In order to get the kumiko pieces to the required dimensions, I needed a way to use the hand plane without destroying the pieces in the process and a thickness planing jig was the answer. Using some diagrams from FW #204 I put together a fairly simple jig.
Basically it consists of 2 “L” shaped strips glued and brad nailed to a board at the width of the plane I intended to use. In this case a #4 bevel up smoother.
I inserted a piece of 3/4 plywood sized to the same width as the smoothing plane to ensure that the two “L” pieces remained parallel. For the wood I used QS Sycamore.
The fit with the smoothing plane was a tad tight, but a little work with the paring chisel took care of things.
In theory, a spacer is used to bring the kumiko up to the desired height where the plane then shaves off the difference. One could then use different spacers with varying thickness to effect the desired height of the piece to be planed. In reality, I ended up using the low angle block plane which conveniently fits into the lower level, had little to no room to shift side to side and beautifully shaved off the thickness necessary to get the kumiko to spec.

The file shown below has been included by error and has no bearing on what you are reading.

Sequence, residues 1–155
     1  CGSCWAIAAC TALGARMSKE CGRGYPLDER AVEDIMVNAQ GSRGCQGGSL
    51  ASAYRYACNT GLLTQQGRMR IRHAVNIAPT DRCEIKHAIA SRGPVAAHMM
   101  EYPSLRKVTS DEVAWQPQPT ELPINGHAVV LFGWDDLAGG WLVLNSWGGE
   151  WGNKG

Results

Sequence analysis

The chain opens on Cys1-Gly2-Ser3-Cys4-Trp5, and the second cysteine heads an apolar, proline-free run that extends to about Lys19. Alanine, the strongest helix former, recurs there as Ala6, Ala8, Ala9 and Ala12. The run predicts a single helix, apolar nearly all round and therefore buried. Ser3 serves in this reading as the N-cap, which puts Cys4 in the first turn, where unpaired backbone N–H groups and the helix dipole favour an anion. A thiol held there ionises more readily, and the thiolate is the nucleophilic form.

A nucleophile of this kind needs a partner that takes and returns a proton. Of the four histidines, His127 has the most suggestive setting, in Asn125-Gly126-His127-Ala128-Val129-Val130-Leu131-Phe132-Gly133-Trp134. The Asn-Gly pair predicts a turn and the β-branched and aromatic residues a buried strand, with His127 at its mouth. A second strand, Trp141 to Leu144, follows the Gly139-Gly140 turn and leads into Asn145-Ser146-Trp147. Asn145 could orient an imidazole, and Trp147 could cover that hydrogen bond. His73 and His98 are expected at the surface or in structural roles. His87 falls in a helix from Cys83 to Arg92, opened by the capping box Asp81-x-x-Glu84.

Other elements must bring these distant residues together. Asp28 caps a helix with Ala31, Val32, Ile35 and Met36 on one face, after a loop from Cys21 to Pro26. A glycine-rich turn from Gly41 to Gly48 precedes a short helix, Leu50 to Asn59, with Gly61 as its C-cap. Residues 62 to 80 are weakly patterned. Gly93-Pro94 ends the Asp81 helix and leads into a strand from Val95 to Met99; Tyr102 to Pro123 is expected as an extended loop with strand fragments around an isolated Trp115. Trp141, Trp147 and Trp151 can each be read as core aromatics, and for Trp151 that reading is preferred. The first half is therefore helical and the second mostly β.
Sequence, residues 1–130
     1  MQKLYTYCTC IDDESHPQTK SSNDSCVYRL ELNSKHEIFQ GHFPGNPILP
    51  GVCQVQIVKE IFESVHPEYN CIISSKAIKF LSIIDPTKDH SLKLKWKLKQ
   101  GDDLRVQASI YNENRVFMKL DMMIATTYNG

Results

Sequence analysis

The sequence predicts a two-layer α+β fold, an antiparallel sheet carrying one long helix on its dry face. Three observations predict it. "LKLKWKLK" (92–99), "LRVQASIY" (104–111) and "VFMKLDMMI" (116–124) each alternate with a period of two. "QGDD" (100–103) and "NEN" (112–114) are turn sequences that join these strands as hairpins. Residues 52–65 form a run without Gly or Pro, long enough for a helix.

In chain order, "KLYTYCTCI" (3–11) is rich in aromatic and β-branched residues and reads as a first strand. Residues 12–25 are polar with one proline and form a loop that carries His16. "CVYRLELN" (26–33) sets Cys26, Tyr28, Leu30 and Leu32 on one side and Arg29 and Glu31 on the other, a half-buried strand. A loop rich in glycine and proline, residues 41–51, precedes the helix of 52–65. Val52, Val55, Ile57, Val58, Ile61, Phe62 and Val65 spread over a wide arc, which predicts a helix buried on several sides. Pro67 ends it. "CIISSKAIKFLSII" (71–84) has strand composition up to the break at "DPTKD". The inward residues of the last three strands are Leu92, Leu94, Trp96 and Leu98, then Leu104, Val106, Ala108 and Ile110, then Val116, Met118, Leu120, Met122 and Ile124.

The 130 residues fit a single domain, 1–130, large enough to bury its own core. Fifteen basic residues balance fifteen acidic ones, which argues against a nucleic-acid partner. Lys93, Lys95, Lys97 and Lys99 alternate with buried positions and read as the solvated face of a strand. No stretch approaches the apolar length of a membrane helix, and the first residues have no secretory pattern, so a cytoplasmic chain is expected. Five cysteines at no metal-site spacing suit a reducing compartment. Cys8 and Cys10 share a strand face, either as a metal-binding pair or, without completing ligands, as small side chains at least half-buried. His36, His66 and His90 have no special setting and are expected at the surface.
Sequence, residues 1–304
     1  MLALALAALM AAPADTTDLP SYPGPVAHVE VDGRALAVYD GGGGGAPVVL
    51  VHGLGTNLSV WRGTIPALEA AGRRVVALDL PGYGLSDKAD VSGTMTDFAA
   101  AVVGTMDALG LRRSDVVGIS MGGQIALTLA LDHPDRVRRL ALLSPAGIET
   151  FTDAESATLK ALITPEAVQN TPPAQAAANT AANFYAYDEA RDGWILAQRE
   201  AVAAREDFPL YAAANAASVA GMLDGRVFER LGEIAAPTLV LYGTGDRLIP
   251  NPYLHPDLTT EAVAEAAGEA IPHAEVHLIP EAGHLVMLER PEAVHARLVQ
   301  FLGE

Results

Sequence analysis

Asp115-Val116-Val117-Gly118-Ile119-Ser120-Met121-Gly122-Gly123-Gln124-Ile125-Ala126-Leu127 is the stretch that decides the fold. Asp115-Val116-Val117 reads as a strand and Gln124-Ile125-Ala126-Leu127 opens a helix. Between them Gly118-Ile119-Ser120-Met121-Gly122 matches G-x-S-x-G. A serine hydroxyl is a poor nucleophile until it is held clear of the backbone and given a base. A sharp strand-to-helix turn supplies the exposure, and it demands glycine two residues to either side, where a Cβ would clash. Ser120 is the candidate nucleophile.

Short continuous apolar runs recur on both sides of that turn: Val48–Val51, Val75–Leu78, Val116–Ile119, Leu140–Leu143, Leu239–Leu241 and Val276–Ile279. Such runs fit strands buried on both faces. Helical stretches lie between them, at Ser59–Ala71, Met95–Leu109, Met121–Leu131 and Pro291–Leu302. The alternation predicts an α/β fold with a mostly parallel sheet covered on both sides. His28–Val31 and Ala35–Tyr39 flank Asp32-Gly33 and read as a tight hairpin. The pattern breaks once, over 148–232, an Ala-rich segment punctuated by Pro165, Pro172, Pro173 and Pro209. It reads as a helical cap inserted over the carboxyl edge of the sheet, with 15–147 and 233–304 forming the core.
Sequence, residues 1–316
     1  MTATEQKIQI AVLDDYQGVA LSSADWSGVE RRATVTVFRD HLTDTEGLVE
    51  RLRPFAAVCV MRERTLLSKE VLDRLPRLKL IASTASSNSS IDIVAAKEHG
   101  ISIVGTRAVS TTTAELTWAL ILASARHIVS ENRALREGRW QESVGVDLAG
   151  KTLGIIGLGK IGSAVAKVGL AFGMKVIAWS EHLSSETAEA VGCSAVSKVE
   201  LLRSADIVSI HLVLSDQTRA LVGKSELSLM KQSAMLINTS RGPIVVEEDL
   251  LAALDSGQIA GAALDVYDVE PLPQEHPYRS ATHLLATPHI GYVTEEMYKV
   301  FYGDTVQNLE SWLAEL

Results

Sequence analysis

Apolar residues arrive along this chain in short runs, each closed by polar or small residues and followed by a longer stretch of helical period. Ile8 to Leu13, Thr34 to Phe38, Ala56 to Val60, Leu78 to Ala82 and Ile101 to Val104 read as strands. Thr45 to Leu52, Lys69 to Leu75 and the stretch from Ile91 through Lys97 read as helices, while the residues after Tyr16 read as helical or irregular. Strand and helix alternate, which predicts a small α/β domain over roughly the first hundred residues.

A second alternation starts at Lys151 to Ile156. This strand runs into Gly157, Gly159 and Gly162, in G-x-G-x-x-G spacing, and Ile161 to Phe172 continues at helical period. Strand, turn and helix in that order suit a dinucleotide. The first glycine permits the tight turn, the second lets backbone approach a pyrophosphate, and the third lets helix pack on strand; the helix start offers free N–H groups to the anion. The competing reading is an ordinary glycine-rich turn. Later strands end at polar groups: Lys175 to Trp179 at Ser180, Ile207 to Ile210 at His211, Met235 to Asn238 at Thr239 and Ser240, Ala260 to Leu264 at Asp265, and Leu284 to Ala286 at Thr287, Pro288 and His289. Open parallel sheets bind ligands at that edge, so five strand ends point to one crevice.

While I didn’t end up using the jig for the initial intended purpose, it worked just fine. And I’ll still be able to use it with the #4 when the time arises.